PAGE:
My friend was asked the following question: what's the difference between object language and object-oriented language?
It's a little unintelligible question. What does term «object language» correspond to? Does that mean «pure» object-oriented language, like the Wikipedia article says:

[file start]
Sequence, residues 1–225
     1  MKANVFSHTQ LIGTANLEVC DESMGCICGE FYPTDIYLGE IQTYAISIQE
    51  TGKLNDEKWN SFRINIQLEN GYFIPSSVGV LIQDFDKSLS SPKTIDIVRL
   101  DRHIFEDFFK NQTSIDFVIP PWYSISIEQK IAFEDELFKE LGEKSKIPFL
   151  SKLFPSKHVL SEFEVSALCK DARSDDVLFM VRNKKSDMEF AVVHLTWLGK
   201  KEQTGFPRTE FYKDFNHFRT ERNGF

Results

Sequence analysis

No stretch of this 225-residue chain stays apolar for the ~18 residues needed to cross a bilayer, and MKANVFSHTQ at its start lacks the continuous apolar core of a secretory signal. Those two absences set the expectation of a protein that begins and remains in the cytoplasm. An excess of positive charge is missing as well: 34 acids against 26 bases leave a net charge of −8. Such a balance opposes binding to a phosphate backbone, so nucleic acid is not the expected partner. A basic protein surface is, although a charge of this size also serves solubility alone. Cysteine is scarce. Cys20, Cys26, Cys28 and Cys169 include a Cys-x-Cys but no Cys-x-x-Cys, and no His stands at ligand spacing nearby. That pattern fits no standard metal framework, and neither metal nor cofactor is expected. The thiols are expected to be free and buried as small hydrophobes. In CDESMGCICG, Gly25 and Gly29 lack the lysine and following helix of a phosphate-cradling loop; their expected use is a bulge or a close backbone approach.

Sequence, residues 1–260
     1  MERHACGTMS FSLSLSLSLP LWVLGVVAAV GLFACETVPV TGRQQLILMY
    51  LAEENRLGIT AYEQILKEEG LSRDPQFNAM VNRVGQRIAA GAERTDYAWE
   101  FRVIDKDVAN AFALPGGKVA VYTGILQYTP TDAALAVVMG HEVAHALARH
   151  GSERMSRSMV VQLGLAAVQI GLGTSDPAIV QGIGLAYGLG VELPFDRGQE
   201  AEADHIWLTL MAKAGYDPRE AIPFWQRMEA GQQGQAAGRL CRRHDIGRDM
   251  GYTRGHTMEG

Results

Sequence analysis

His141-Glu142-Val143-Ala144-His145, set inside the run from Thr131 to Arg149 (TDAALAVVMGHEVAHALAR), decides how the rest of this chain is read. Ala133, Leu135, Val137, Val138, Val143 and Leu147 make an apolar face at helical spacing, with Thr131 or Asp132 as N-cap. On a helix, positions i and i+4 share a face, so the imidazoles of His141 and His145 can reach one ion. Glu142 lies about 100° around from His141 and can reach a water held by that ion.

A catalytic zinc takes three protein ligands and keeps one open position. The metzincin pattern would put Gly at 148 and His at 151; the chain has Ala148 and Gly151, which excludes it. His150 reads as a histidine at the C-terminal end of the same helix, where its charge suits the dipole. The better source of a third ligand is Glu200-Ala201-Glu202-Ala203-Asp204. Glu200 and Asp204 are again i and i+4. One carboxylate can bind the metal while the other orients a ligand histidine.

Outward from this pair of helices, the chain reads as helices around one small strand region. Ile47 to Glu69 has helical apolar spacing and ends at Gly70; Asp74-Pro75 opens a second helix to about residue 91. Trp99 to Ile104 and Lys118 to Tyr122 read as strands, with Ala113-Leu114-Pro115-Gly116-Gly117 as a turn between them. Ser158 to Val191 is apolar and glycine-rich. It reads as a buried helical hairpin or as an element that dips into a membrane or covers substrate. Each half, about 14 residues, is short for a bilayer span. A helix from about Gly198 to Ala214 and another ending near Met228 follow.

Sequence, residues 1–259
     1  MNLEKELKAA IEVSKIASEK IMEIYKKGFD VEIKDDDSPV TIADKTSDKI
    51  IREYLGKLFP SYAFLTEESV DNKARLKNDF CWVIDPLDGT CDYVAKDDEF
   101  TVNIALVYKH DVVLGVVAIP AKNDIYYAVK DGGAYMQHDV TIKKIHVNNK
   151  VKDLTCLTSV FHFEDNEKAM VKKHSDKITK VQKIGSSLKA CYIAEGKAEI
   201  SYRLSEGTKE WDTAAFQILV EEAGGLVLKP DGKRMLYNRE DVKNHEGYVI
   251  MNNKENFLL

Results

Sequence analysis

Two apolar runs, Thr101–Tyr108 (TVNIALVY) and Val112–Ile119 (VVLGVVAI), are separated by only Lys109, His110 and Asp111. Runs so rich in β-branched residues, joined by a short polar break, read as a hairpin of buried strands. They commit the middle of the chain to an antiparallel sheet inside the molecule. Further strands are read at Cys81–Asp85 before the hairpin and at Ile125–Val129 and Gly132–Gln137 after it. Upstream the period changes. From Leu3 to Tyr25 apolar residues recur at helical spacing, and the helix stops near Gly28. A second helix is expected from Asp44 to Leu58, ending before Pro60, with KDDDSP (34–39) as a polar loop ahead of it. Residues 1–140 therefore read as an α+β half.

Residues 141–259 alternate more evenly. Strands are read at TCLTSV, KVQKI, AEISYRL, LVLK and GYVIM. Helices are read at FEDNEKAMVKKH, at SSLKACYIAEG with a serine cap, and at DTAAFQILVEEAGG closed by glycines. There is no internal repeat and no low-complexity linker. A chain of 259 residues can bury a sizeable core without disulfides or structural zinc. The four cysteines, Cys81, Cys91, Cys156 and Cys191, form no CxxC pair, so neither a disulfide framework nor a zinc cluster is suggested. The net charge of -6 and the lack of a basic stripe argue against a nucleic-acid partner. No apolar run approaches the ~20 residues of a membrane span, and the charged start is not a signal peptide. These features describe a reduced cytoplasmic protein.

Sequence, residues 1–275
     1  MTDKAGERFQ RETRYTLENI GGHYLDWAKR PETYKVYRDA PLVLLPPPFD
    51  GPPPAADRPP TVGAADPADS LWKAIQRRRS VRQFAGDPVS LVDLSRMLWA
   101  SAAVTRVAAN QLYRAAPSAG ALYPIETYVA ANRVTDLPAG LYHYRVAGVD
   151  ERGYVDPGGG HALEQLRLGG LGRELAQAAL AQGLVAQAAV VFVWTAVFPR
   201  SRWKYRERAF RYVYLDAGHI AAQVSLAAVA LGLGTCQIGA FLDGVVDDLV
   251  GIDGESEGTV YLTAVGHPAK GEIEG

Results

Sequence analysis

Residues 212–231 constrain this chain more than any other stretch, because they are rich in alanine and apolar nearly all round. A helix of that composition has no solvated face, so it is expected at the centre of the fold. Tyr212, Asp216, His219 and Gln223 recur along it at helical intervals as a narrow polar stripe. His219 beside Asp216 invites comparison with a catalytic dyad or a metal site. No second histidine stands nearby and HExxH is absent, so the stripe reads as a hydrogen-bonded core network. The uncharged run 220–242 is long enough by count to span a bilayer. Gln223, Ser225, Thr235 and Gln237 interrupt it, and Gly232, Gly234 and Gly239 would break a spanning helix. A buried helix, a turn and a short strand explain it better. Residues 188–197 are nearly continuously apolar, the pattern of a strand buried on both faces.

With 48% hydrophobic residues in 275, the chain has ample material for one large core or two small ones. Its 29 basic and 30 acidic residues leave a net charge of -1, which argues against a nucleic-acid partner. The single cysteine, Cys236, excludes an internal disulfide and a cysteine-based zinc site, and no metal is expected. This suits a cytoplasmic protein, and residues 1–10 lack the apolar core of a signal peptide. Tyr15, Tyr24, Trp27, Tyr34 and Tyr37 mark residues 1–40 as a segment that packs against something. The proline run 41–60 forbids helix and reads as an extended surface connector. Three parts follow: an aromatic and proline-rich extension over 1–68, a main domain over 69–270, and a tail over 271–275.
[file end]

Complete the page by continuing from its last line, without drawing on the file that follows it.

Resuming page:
Languages called "pure" OO languages, because everything in them is treated consistently as an object, from primitives such as characters and punctuation, all the way up to whole classes, prototypes, blocks, modules, etc. They were designed specifically to facilitate, even enforce, OO methods. Examples: Smalltalk, Eiffel, Ruby, JADE, VB.NET.